Latest Step in Berkeley's Goldilocks Parking Policy – Free 1-Hour Parking in City Garage
In Berkeley's latest effort to create "just right" parking availability under its "goBerkeley" transportation reform, the city will begin offering one hour of free parking at the city-operated Telegraph Channing garage.
Yes, starting Dec. 2.
The 436-space, city-operated Telegraph Channing garage (at 2450 Durant Ave.) will offer free parking for the first hour as part of a newly initiated parking policy employing "demand-based" rates at parking meters and city garages.
The city has embarked on a Goldilocks approach to parking – seeking rates and time limits that avoid either too little or too much parking availability in key commercial areas.
The 2-year pilot project seeks "to create 'just right' parking availability," said a city staff report prepared for last week's City Council meeting.
At that meeting, the council not only approved the free first-hour parking at the Telegraph Channing garage but also approved rate changes – mostly increases –at the two other city-operated garages on Center and Oxford streets. The rate for the first hour at the Center and Oxford garages, for example, will rise to $2.00 from the current $1.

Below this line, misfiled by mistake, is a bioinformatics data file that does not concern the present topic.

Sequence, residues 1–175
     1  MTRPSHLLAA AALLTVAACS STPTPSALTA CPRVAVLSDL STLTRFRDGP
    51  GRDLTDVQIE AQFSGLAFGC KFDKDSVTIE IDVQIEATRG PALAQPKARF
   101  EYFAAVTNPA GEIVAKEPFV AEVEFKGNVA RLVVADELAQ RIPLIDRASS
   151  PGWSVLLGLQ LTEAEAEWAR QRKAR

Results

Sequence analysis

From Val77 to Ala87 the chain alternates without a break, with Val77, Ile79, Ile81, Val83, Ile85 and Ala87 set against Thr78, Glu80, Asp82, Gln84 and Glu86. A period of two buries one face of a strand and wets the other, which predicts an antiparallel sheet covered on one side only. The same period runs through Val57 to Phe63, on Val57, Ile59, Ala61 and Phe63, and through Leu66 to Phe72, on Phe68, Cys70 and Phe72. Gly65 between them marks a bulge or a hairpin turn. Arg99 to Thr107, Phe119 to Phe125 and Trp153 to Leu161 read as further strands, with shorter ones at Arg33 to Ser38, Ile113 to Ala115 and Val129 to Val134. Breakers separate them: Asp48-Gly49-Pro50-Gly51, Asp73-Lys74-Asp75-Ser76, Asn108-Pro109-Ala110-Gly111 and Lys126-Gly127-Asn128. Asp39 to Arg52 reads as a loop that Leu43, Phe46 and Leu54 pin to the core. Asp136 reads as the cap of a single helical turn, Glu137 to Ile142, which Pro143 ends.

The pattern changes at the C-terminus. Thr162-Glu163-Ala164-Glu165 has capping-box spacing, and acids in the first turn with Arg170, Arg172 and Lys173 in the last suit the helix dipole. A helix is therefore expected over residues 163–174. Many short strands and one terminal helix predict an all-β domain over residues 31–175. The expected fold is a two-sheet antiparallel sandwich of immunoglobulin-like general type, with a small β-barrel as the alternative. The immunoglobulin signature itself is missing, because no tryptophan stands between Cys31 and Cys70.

The free first-hour rate at the Telegraph Channing facility was proposed because that garage was relatively under-used, said city spokesman Matthai Chakko.
The parking reform, which is part of the city's " goBerkeley" transportation initiative, began on Oct. 15 with new street parking meter rates and increased time limits in three areas of the city: downtown, the Telegraph Avenue sector near UC Berkeley, and the Elmwood district.
Street meter rates were increased to $2.25 per hour in high-demand zones and decreased to $1.25 or $1.00 in so-called "value areas." Previously they had been $1.50 citywide, except for $1.75 in much of downtown.
The parking rules also expanded the time limits by creating zones with 2-hour, 3-hour, 4-hour and 8-hour maximums.
The merchant associations in the affected areas are delighted with the new plan since it promises to ease parking shortages, Chakko said.
At the Elmwood theater, for example, the new time limit of three hours, will mean matinee movie goers no longer need to worry about rushing out to feed the meter every hour, Chakko said.
"The goal is to free up 1 to 2 spaces on every block and make it easier to find parking – reducing frustration and traffic as well as pollution from circling drivers," according to a city press release about the program. "People already come to these Berkeley districts by bike, bus, BART, foot and car. Now, each of those modes should be even easier – creating a balance that allows all to move more freely."
Chakko added, "I think it's important to note it's a pilot program." The council, which is expected to review the initial results in March, can opt to change it in a variety of ways, he said.